JAIC 1988, Volume 27, Number 2, Article 1 (pp. 55 to 63)
JAIC online
Journal of the American Institute for Conservation
JAIC 1988, Volume 27, Number 2, Article 1 (pp. 55 to 63)

PARTICLE CHARACTERISTICS OF PRUSSIAN BLUE IN AN HISTORICAL OIL PAINT

Frank S. Welsh



NOTES

. 1 Joyce Plesters, “Cross-sections and Chemical Analysis of Paint Samples,” in Studies in Conservation 2, No.3, April, 1956, pp. 110–157, Microchemical tests used included hydrochloric acid which bleaches ultramarine blue, and sodium hydroxide which discolors Prussian blue to a dark orange yellow.


NOTES

. 2 Rutherford J. Gettens and George L. Stout, Painting materials, A Short Encyclopedia (New York, 1966) pp. 149–151.


NOTES

. 3 Gettens and Stout, p. 151.


NOTES

. 4 Penelope H. Batcheler, Historic Structure Report, Old North Church, (National park Service, Denver Service Center, 1981) pp. 193–194.


NOTES

. 5 Walter C. McCrone, Lucy B. McCrone, and John Gustav Delly, Polarized light Microscopy (Ann Arbor: Ann Arbor Science Publishers Inc., 1979). p. 35. A pseudo-opaque white appears to be opaque because the light that is transmitted though the thicker agglomerated particles is bent and does not enter the objective lens.


NOTES

. 6 Gettens and Stout, p. 147.


NOTES

. 7 McCrone, McCrone and Delly, p. 169. The refractive index determination using dispersion staining was carried out by Dr. Walter C. McCone in the conservation lab at N.Y.U.


NOTES

. 8 Natural Ultramarine, Forbes collection, 7.01.13.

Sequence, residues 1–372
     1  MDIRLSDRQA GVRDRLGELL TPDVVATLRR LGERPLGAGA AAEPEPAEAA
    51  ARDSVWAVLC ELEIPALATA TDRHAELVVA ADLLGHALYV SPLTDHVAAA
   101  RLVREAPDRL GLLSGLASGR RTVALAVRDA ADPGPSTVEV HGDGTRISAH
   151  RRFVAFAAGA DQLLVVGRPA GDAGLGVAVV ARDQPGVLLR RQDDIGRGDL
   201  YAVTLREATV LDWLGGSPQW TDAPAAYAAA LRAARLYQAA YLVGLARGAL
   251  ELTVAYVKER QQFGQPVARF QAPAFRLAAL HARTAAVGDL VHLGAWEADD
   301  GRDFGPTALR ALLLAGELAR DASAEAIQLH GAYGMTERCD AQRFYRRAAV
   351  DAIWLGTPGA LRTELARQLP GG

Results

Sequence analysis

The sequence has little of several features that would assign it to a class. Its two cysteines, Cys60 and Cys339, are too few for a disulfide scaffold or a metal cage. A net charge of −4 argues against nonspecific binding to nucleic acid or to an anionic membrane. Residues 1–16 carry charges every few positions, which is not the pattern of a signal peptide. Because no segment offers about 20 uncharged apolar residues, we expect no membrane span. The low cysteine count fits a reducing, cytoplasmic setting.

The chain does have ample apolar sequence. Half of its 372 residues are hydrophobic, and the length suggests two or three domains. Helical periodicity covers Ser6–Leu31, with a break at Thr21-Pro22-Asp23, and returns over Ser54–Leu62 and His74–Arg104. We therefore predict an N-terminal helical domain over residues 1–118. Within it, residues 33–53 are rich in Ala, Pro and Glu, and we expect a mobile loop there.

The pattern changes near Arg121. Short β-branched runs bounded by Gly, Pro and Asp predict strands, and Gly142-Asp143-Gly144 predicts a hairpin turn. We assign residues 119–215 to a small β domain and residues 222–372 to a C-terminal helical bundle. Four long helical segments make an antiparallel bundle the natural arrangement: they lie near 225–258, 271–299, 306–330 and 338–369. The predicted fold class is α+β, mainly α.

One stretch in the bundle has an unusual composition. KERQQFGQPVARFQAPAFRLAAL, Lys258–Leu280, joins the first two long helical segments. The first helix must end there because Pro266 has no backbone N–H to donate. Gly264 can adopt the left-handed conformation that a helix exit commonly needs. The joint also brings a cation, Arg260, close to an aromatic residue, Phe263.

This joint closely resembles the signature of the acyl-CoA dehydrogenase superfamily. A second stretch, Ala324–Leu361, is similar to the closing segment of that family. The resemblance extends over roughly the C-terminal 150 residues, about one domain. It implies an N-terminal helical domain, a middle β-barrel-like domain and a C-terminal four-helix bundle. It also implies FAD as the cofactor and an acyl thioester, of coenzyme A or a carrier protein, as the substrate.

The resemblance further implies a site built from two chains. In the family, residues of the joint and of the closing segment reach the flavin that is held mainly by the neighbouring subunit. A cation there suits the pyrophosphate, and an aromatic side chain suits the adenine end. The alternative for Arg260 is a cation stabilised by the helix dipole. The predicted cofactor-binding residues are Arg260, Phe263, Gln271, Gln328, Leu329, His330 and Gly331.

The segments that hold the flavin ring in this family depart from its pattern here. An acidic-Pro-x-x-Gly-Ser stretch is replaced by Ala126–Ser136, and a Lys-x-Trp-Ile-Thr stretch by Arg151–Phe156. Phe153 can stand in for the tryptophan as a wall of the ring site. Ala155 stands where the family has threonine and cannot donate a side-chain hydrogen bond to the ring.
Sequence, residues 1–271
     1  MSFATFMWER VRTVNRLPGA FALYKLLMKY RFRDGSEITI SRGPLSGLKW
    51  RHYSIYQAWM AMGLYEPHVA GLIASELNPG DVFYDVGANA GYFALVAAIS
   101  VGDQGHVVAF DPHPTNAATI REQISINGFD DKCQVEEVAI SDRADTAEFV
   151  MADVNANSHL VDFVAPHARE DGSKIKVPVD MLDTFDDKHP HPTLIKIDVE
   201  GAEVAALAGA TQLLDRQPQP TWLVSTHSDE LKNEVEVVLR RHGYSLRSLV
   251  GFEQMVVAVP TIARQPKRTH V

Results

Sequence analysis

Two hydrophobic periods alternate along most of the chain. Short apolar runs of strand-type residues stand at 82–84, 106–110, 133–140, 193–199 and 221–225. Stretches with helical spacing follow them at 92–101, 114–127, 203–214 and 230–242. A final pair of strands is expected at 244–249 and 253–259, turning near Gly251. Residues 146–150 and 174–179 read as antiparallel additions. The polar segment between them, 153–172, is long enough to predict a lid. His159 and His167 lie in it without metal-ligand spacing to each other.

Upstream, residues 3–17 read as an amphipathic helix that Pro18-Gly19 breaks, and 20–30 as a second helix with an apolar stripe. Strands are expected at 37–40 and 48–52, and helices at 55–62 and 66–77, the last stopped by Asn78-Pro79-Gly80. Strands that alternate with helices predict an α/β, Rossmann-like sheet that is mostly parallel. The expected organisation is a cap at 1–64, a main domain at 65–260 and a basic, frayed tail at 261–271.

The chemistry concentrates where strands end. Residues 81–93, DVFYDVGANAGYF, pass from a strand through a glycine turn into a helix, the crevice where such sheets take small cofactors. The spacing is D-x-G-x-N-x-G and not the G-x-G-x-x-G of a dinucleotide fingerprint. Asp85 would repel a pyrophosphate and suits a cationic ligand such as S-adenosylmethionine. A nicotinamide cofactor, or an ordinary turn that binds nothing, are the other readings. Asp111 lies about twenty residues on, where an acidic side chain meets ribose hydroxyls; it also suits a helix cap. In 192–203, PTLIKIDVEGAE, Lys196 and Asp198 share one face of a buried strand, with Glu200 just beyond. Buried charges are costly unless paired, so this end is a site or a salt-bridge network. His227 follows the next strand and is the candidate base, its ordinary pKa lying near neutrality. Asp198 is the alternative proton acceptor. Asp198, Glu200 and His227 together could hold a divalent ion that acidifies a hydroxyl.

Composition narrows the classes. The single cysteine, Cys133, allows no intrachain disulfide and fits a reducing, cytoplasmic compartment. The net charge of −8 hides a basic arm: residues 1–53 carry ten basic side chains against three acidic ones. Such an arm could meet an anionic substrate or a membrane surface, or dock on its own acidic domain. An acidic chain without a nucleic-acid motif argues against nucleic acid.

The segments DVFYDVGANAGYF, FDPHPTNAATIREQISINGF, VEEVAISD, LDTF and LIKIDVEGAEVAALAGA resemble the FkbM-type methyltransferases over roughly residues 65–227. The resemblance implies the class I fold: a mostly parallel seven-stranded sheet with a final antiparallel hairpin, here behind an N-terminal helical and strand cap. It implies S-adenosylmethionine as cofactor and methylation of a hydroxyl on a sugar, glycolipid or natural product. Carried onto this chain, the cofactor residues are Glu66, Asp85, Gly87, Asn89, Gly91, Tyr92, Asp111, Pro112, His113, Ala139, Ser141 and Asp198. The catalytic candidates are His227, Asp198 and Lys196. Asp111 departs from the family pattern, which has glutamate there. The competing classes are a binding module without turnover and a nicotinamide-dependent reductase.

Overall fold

NOTES

. 9 Prussian Blue, Forbes Collection, Azzuri de Prerlino and Bibbiena.


NOTES

. 10 Gettens and Stout, p. 148b.


NOTES

. 11 Prussian blue, Slide reference set of 1982 from The McCrone Research Institute.


NOTES

. 12 Plesters. HC1 and NaOH microchemical tests, p. 137.


NOTES

. 13 Electron microprobe analysis preformed by Walter C. McCrone and McCrone Associates. 1984.


NOTES

. 14 Penelope Hartshorne (Batcheler). Log of Restoration, Independence Hall, Tower Stair Hall, 1956–57.


NOTES

. 15 The size of the particle agglomerates visible in the paint film do not necessarly indicate an early or late date of manufacture. I have seen very large Prussian blue agglomerates in early 19th century blue paint films from buildings in Tennessee and in Texas.


NOTES

. 16 Charcoal Black (Forbes: 2.01.7) and Lamp Black, McCrone Research Institute.


NOTES

. 17 Private communication with Dr. Robert Feller. 1986.


NOTES

. 18 Walter C. McCrone, written correspondence to the author: “Even with the same process, there can be differences in the product, especially particle size. This would be due to variations in temperature and time.” 1987.


Copyright 1988 American Institute for Conservation of Historic and Artistic Works